3. The original possessor’s time continues, but ignores the time that the third party had possession.

b. Tolling
Sometimes the court will toll that statute of limitations for adverse possession for disabilities of the owner. There are three main instances where the court will do this:

1. Infancy (for minors)
2. Insanity (for people of unsound mind)
3. Imprisonment (for people in jail).

Note that only the disabilities at the time of the entry count for tolling the statute of limitations. If the person develops the disability after the adverse possessor has taken the land, then the statute of limitations is not tolled.

Once the disability is gone, meaning that the person has become of legal age, has become sane, or has gotten out of jail, then the statute of limitations begins to run.

6. Claim of Right or Claim of Title – the person has claimed the property as his own, with the knowledge that the actual title is held by someone else.

Two Tests for Claim of Right/Title:
1. Objective Test (majority) – The possessor’s actions must look to the community around him like they are claims of ownership. As long as he is occupying the land without permission, then the fact that he is not actually claiming title does not matter. All that matters is that it looks like he is claiming title. (No intent necessary)

2. Subjective Test (minority) – The possessor must have a good faith belief that he has title to the land. Therefore, if the possessor has a mistaken belief, and if he knew the truth would not have claimed title, then there is no adverse possession.

Note that the objective test is recommended by most scholars, but most courts require a good faith belief of the possessor. Therefore, squatters and willful trespassers are excluded in adverse possession.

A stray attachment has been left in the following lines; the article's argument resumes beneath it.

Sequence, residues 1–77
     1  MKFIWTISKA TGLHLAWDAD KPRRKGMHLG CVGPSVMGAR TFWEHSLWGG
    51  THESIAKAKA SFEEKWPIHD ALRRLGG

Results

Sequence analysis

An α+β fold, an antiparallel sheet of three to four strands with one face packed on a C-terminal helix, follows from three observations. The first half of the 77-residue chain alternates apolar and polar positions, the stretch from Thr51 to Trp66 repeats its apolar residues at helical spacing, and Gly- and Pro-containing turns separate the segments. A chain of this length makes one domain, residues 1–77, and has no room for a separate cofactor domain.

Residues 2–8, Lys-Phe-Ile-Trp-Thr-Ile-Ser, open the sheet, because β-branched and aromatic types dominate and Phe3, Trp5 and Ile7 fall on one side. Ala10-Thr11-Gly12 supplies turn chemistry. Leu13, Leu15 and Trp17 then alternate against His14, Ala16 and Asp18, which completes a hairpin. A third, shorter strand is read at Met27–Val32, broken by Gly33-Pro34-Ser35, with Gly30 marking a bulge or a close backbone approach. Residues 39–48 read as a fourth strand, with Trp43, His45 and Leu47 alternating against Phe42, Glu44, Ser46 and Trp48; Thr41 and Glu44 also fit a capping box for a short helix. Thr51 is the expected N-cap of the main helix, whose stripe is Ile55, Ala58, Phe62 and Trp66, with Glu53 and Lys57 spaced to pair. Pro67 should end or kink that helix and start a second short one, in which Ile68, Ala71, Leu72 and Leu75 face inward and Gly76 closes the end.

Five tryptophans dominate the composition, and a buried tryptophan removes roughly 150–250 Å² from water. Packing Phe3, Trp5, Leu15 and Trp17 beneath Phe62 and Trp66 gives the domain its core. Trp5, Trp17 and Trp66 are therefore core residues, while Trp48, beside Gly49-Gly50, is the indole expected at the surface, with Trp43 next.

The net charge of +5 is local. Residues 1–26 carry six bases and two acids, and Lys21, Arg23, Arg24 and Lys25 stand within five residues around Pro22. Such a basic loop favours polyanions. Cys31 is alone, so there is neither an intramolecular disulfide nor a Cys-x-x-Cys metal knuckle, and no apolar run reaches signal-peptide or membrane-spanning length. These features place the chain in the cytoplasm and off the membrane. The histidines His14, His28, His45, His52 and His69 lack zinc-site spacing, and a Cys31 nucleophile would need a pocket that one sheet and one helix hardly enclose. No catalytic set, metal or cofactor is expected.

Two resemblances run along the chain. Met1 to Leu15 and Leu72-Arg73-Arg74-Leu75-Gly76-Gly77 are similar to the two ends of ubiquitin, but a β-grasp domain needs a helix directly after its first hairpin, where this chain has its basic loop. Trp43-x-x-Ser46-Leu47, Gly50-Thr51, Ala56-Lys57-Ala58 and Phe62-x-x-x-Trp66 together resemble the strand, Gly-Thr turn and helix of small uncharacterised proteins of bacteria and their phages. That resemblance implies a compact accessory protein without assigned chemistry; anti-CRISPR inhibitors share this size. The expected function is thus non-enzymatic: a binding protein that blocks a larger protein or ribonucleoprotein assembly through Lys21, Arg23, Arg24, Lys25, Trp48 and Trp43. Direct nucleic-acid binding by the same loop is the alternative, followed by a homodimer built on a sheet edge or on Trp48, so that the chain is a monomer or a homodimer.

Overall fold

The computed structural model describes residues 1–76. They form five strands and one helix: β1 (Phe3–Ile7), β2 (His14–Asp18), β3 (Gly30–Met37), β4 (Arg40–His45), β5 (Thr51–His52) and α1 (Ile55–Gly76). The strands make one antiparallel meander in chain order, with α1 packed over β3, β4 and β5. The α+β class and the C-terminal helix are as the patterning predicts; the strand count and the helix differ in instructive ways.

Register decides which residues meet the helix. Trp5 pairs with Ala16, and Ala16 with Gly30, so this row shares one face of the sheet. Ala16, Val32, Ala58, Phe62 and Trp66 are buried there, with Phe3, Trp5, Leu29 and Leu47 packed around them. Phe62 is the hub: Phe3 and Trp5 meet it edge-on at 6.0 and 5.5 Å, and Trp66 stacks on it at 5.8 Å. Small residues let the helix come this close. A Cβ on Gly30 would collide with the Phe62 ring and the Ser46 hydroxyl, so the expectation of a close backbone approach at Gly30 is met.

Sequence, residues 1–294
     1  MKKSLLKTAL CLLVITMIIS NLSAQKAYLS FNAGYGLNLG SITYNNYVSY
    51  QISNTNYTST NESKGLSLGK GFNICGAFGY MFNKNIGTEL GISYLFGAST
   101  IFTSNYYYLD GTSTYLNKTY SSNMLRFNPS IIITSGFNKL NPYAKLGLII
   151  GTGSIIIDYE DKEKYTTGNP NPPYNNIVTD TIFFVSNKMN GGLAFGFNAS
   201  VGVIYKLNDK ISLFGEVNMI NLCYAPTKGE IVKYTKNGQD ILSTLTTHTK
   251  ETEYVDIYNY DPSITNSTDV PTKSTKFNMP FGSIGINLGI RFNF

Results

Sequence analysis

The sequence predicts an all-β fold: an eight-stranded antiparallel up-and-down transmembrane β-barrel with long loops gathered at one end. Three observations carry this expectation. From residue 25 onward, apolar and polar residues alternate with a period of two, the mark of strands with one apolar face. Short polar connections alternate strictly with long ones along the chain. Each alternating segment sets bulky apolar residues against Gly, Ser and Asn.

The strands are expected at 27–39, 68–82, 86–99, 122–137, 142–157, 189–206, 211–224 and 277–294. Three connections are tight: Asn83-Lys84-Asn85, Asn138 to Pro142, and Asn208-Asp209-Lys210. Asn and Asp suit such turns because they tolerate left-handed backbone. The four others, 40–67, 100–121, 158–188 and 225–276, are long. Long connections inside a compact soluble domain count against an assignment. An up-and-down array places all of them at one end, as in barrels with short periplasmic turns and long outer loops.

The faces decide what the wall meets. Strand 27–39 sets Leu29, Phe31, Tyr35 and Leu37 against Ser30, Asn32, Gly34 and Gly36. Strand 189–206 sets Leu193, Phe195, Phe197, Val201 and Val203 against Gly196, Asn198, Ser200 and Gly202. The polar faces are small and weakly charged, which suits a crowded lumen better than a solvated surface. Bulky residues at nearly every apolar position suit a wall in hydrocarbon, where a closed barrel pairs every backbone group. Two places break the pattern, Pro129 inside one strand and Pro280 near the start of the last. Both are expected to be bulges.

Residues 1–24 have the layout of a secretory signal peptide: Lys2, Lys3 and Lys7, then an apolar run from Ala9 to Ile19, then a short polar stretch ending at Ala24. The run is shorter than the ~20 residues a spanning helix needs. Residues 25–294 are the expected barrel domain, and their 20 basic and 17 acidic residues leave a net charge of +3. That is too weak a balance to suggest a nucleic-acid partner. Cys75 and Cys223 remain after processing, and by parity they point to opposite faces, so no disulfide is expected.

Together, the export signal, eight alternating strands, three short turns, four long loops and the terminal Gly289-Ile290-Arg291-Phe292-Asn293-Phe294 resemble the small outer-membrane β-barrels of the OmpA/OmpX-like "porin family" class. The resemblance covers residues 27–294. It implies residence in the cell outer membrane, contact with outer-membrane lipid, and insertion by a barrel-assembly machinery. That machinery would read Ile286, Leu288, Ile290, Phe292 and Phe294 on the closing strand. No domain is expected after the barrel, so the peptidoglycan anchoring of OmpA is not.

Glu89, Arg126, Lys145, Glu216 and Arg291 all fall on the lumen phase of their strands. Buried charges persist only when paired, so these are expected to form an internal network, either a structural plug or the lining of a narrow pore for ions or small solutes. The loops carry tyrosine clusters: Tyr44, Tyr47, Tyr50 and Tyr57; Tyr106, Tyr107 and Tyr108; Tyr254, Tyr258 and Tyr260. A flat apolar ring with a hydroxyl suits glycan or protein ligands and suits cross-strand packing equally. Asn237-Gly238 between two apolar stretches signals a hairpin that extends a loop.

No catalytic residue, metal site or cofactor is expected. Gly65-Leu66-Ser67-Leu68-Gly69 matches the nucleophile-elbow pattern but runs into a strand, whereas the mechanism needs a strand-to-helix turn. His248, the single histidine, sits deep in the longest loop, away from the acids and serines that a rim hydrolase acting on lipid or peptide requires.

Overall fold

7. Good Faith (or Bad Faith)

8. Improvements or Enclose – the adverse possessor has made improvements upon the land or enclosed it.

9. Taxes Paid – the person has paid all of the taxes on the property.

10.Color of Title – legal reason as to why the disseisor believes that they have a right to the land. This can come through a bad deed, or a misrepresentation by a seller. If you have color of title and occupy a portion of land, you have the right to the amount listed on the title.

1. In most states, color of title is not required for adverse possession.

2. Constructive Adverse Possession – if a person enters under color of title, then he is entitled to the entitled to the land described by the deed, and not just the land he has physically possessed because he intends to control whole land. If they didn’t have the tax deed, they wouldn’t have the property.

3. If the adverse possessor does not enter the land with color of title, then he is only entitled to the land actually possessed, and not to the entire parcel of land.

Purpose of adverse possession:
1. reward possessor’s, taxpayers, improvers, users (like the idea of putting land to use);
2. penalize true owner who sits on his rights to long – don’t have to use it, just need to maintain;
3. evidentiary as to who is really owner (lost deed);
4. structural – cleans up records, market the land, etc.

• To show actual possession  build a structure. If property is used seasonally, then a structure will give notice to owner, even if adverse possessor is not present at the time.

Actual, open, and Exclusive

Cheek v Wainwright
•Whether planting the trees in a row on land which had been previously open and cultivated coupled with the periodic harvesting authorized the jury to find a continuation of the possession which began with crop cultivation?
•The essence of actual possession is use of the land to such an extent and manner as to put the world on notice.
•Planting, cultivating, and erecting a building on land for a period of 34 years will be construed as “open and notorious.”
•Trees planted in rows along a public road give a clear and lasting notice that someone is exercising possession by even changing the nature of the land.

•Difference between abandonment and adverse possession